Written By: MB Group
The allure of real estate with the possibility of positive cash flow is an intoxicating one to invest into. Some investors look to purchase fixer-uppers and invest the money into repairing them and then selling for profit. Others look to go into rental properties and over time build up multiple units. REIT’s (Real Estate Investment Trusts) are also growing in popularity for those who wish to invest in real estate on a small scale without spending a lot out-of-pocket. There are inherent risks of real estate investing and we’ll look at five of them below. These five risks will cover those looking to invest in rental properties and general real estate (non-REIT).
Since this is a generalized risk, this takes quite a bit of information from across the board. There are so many markets to consider when investing in real estate. You have to take the general economy into consideration, is there a recession going on? How is the job market looking in the area that you’re looking to buy in? Interest rates also become a factor as an indicator of general economic health. It may seem that some of these trends are vastly different, but they are all interconnected when it comes to real estate investment.
Whether you have just one house or a multiple-unit building, you have to consider the legal risks involved. What if someone slips and falls outside on your property because your property manager couldn’t get the sidewalks salted after a snow and ice storm? What if you had an angry tenant looking to drum up charges (whether legitimate or not) against you when he vacates the unit? Some investors have umbrella insurance to help mitigate the legal expenditures and others who have larger holdings look at the possibility of housing their entire real estate business inside an LLC.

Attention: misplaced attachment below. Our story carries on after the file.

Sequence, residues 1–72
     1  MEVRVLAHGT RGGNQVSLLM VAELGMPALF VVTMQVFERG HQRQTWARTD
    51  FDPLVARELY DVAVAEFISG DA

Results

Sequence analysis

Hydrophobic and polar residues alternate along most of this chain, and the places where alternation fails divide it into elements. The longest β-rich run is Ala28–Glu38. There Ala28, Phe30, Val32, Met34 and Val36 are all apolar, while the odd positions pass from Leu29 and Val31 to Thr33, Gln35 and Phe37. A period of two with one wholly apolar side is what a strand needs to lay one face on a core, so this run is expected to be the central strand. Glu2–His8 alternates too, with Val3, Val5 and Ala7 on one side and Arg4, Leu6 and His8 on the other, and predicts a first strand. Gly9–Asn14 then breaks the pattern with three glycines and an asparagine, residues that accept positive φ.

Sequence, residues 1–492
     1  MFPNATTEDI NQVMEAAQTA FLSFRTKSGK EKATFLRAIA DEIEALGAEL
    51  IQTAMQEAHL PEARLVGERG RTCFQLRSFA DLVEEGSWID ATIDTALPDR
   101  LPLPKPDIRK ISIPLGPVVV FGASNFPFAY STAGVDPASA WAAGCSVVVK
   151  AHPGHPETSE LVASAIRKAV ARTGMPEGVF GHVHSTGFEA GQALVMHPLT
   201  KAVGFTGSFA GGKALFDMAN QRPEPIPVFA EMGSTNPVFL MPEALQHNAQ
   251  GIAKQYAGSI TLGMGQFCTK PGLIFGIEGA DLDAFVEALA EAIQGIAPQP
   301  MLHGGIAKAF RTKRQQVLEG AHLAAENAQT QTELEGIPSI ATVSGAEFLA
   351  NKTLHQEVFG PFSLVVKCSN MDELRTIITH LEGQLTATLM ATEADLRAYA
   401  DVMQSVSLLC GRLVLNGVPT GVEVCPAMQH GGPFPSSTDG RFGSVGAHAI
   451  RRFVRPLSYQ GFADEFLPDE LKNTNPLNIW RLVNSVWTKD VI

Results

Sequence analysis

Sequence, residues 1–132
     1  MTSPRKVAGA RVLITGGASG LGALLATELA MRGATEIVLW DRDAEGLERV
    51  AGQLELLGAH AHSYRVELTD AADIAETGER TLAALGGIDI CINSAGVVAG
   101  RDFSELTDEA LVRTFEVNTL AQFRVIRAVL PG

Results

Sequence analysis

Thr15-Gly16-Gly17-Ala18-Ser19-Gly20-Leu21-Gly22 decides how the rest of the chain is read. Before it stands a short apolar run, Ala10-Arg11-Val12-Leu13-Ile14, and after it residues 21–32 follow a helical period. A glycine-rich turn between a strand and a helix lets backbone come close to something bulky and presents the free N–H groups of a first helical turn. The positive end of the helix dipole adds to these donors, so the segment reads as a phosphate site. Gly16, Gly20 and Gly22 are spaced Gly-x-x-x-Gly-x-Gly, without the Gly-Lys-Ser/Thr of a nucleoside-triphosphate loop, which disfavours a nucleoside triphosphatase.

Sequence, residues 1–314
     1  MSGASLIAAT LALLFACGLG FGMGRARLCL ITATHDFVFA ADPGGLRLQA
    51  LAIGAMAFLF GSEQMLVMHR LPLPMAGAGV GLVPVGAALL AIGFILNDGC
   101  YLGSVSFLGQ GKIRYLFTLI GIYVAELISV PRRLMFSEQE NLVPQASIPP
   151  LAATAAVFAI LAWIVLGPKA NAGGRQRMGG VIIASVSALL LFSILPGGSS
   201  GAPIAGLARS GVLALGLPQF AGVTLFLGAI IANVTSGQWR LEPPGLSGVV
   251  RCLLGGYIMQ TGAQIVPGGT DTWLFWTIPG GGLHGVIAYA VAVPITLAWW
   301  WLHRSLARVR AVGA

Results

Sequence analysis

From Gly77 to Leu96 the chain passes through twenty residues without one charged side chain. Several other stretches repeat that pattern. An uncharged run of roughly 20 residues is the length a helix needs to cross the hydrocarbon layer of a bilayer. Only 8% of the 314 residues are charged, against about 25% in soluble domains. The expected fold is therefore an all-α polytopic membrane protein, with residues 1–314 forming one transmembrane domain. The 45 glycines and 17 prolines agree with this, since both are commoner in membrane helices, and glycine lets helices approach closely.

Partially tied in with the “angry tenants” scenario above, it would be a blessing to have perfect tenants who kept the property in mint condition, but in the real world it’s just not realistic. Deposits (even first and last month’s rent) sometimes won’t cover the damage caused by unruly tenants. Background checks to vet potential renters may curb this issue somewhat but it won’t eliminate it completely.
In terms of investments, Stocks are great for liquidity’s sake as you can sell them rather quickly on the stock market during the trading day. Real Estate is about as un-liquid as they come for investments. Selling real estate takes time and effort and can be quite difficult to do, especially in a down market.
The typical route of rental property unit investing is to take out a loan for it, assuming that the borrower’s credit is good enough. After a few months of positive cash flow, the borrower looks to add a second unit to his portfolio and takes out another loan. Repeat this process a few times over the course of a few years and you end up with a lot of leverage. Having a few of these units under-perform (vacancies, repairs to the building, etc.) can take its toll on the rest of your portfolio. Not to mention that you’ll always be under the specter of having the bank call in the note at any time, requiring you to make full payment of the loan. Banks don’t have to wait until you’ve missed a few payments for this to happen, legally they can call in a note at any time.
Tags: Real Estate Business Tax
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